U.S. online sales during this year’s full holiday season fell 3 percent, according to comScore, marking the first year-over-year decline since the Internet research company began tracking e-commerce in 2001.
U.S. consumers spent $25.5 billion online between Nov. 1 and Dec. 23, compared with $26.3 billion during the comparable period last year, which was Oct. 27 through Dec. 18, according to comScore. Dec. 23 was the last day to purchase with the possibility of delivery by Christmas Eve, the company said.
The results fell short of comScore’s prediction before the season, which had called for flat sales. Although there were some hopeful moments for online retailers, such as a year-over-year sales increase of 15 percent for the Monday after the U.S. Thanksgiving holiday, the weak economy slowed consumers down, according to comScore. There also were five fewer shopping days between Thanksgiving and Christmas, the company noted.
The bad news went beyond just the holiday season. The fourth quarter as a whole will mark the first quarter since 2001 with lower online sales than a year earlier. Sales for Oct. 1 through Dec. 28 were about $36.8 billion, down 4 percent from $38.4 billion in the fourth quarter of 2007, the company said.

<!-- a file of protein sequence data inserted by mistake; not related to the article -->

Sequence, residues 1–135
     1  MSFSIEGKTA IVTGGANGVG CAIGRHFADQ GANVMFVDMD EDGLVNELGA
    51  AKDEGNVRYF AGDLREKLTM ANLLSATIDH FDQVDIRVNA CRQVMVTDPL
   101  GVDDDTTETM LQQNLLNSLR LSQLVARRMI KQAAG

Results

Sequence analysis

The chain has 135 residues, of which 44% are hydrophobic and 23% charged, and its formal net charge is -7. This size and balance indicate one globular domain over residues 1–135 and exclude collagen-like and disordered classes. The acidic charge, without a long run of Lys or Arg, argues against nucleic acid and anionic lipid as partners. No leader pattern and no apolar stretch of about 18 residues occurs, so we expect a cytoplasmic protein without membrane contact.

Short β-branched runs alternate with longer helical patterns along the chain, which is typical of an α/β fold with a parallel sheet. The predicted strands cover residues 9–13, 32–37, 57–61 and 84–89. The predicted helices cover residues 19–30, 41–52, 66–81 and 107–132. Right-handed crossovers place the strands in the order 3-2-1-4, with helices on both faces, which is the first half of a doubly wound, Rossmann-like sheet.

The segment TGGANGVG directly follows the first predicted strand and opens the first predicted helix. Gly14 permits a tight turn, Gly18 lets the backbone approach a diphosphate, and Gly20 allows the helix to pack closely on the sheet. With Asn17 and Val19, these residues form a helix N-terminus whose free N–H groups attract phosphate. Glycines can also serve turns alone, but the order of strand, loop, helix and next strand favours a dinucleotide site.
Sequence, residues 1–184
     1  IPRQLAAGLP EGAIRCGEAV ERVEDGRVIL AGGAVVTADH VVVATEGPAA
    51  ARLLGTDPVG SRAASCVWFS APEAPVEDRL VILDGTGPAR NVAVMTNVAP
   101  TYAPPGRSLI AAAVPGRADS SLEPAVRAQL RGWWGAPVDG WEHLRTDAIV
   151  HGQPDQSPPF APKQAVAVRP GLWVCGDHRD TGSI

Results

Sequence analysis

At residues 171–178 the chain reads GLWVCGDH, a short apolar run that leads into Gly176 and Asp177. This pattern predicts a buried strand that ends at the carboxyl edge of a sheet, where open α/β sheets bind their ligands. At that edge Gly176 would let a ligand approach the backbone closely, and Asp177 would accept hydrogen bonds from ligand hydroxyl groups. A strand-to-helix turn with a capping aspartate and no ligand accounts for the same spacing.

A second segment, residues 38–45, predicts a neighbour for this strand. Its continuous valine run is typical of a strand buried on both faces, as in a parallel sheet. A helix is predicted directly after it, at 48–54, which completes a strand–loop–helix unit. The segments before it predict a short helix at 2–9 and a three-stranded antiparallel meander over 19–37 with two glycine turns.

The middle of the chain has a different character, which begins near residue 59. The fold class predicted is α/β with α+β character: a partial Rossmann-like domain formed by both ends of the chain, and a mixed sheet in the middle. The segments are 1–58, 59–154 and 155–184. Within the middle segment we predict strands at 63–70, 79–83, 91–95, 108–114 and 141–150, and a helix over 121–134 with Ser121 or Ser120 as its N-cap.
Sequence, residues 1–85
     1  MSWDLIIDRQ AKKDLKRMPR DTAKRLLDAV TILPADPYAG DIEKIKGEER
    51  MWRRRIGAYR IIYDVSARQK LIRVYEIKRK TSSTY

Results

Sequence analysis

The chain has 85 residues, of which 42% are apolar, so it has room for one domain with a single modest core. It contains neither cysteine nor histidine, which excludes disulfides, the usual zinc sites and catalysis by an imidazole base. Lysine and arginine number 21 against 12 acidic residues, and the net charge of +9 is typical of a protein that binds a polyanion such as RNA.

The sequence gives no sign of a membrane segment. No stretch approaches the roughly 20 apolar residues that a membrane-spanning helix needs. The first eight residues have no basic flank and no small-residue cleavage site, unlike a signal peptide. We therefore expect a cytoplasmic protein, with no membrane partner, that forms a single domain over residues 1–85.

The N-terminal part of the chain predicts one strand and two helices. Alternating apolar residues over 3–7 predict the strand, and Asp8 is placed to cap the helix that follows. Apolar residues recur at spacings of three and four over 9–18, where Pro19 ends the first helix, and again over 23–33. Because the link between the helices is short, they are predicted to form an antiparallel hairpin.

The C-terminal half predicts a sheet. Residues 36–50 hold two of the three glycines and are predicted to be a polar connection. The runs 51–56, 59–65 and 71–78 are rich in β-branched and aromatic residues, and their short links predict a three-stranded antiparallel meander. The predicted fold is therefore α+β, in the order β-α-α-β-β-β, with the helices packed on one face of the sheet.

But shoppers visited online stores more often during the holidays, with total unique visitors to all stores, between Dec. 1 and Dec. 24, rising 5 percent to just under 180 million.
The top e-commerce site in visits remained eBay, with 85.4 million unique visitors, but it suffered a 4 percent drop from a year earlier, comScore said. The sites operated by Amazon came in second, with more than 76 million, an increase of about 7 percent. Wal-Mart trailed in third place, with 51.5 million, but it gained 4 percent from the previous year.
The biggest winners in drawing shoppers were computer makers: Hewlett-Packard gained 28 percent, and Apple, the fifth most popular online store overall, saw unique visitors grow 19 percent. But the ailing Dell had 17 percent fewer visitors during the holidays this year.